Take the following situation: A religious soldier is told he needs to dismantle an "illegal" outpost settlement...on Shabbat.

Forgetting the issue of whether the IDF should be dismantling outposts at all (and left to the police), can a religious soldier be expected NOT to disobey an order, which clearly has nothing to do with pikuach nefesh? If an order like this is given, and a Rosh Yeshivat Hesder says one must listen to hilchot shabbat -- how should one act?

By the way -- the above question is far from theoretical, and has unfortunately, happened on Shabbat already.

Is it worth "the possible end of the 3rd commonwealth" -- and instead one should be michalel shabbat?

Food for thought...

Regards,

Jameel

Olah Chadasha said...

Jameel, since the the building freeze was issued, I have been saying that this will start a civil war. While there some that say that civil unrest is an acceptable price to pay in light of the possibility of an Iranian nuclear bomb. I understand and agree with that, but how will the country survive in the long run if it's ripped apart from the inside? We shouldn't have to be sacrificing one aspect of survival for another in order to gain support to fight an existential threat to the lives of 6 million people. I thought Obama was all about community... I guess his organizing doesn't apply to Jews.
-OC

Anonymous said...

Jameel,
I recognize that life is complex. My point is that there are macro and micro issues involved here and in the system of RY having an answer for every question, they must take ultimate responsibility for the outcomes both on a micro and macro basis. I was wondering if the macro was ever discussed (e.g. yes, even if the army becomes much less effective because of refusal, that is a price we are willing to pay). I'm not arguing with the right to do so.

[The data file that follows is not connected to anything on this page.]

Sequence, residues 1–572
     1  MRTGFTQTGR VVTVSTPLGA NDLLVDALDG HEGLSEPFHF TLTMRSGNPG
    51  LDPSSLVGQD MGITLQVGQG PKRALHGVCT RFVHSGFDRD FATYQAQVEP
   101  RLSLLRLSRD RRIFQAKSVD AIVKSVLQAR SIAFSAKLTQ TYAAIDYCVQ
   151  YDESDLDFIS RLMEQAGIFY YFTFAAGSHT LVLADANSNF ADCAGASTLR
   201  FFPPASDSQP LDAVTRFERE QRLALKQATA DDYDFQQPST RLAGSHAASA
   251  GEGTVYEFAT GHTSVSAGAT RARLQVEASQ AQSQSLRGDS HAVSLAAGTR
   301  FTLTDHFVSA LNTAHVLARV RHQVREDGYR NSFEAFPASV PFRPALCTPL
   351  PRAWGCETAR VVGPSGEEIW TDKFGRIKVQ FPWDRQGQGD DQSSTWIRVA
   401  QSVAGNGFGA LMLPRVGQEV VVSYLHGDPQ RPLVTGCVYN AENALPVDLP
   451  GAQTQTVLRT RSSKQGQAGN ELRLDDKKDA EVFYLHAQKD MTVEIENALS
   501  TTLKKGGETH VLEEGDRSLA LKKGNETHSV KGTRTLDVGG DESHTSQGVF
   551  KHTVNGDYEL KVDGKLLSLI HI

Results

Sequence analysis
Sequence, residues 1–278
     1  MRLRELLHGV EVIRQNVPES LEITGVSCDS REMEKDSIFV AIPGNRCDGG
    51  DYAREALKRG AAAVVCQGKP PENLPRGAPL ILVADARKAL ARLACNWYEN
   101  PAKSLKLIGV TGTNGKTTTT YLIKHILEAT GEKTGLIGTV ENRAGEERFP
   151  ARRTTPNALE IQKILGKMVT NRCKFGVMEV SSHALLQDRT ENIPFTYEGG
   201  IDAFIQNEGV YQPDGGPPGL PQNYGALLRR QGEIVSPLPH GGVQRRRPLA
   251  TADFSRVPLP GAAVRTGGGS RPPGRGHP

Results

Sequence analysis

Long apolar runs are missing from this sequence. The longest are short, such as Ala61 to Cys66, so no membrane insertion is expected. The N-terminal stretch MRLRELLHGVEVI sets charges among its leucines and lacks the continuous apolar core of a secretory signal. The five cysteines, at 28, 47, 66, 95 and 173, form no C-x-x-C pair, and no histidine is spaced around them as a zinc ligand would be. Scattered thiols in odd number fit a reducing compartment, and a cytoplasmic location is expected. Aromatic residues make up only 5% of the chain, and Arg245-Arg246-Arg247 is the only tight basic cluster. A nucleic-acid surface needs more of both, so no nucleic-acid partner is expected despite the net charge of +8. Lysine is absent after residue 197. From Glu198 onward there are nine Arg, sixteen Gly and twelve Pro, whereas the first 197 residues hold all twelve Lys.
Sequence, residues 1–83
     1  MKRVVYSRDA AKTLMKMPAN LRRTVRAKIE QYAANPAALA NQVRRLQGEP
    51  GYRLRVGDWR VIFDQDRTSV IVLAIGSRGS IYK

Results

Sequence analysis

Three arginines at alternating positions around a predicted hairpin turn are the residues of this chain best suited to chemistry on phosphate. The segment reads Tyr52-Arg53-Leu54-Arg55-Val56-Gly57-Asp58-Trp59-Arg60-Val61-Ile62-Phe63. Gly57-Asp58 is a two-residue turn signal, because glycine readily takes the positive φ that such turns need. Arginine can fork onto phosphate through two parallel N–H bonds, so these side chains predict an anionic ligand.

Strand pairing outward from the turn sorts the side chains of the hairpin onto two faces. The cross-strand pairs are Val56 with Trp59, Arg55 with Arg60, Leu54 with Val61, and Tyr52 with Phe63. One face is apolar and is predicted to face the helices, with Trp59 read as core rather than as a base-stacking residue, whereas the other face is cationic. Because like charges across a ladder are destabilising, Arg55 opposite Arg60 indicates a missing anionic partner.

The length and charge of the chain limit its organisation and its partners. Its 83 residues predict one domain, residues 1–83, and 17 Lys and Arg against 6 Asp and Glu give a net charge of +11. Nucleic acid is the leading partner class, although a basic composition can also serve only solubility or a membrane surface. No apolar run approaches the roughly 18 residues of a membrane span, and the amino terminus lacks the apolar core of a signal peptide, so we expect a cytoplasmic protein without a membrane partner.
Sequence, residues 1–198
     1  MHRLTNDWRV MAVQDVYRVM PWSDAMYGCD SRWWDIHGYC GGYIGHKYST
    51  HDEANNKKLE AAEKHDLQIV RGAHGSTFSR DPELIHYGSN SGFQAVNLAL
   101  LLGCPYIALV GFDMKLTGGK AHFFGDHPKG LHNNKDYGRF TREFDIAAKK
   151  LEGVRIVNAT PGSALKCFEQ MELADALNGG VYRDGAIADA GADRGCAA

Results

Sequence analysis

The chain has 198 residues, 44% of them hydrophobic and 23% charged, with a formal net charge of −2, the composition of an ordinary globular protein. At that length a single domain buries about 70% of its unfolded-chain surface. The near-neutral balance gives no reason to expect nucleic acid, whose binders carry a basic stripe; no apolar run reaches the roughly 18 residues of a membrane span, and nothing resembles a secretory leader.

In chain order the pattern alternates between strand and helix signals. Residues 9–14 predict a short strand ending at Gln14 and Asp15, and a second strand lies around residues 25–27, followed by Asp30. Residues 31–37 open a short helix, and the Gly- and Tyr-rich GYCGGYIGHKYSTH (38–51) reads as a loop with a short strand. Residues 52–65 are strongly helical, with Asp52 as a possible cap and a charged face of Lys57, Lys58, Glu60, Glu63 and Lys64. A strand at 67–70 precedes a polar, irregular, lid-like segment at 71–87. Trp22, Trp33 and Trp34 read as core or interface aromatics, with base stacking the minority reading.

BTW in Tanach do we ever see such cases?

KT
Joel Rich

jonathan becker said...

"in Tanach do we ever see such cases?"

in tanach a soldier is excused from duty if he's planted a vinyard. the settlers have planted a vinyard. still, they serve with mesiros nefesh. should they also be expected to assist in the uprooting of the vinyard?

jonathan becker said...

btw, if r. melamed et. al haven't thought of that one yet, its copyright 2009 j.b. etc. :)

jonathan becker said...

jk, torah is for everyone.

Neshama said...

Maybe someone (Joe Settler?) should present to your readers the portion of the Torah that discusses Milhemet Mitzva, and the other categories of war, (i believe there are 3) their duties and halachos involved. Why isn't there an educated posting on this issue?

It is vital for the protection of the people of Israel, and for the functioning of a sovereign govt. to have warriors for protection and defense.

Does the Israeli establishment really know these categories and their halachos? This could make for a few blog posts and commentary.

NormanF said...

Certainly not the Left. The silver lining in the cloud is Barak is going to be short of manpower to evict the residents of Yesha from their communities. The IDF has enough trouble just enforcing the "freeze" on the Jews.

Jameel @ The Muqata said...

Neshama: One needs to take into context that the majority of Israel is not religious, but masorati.

Torah law cannot be simply imposed on them (or the government).

Its a step in the right direction what we have so far -- but we need more religious Jews moving here to Israel if we're ever going to change the framework of our lives to be significantly more religious.

Anonymous said...

So it helps to make the framework of life in Israel more religious by advocating mutiny by soldiers and now we have a policewoman severly injured by settlers. are you sure that you're not acting like Arabs rather than Jews?

Term Papers said...
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Term Papers said...

Nice post. Keep it up.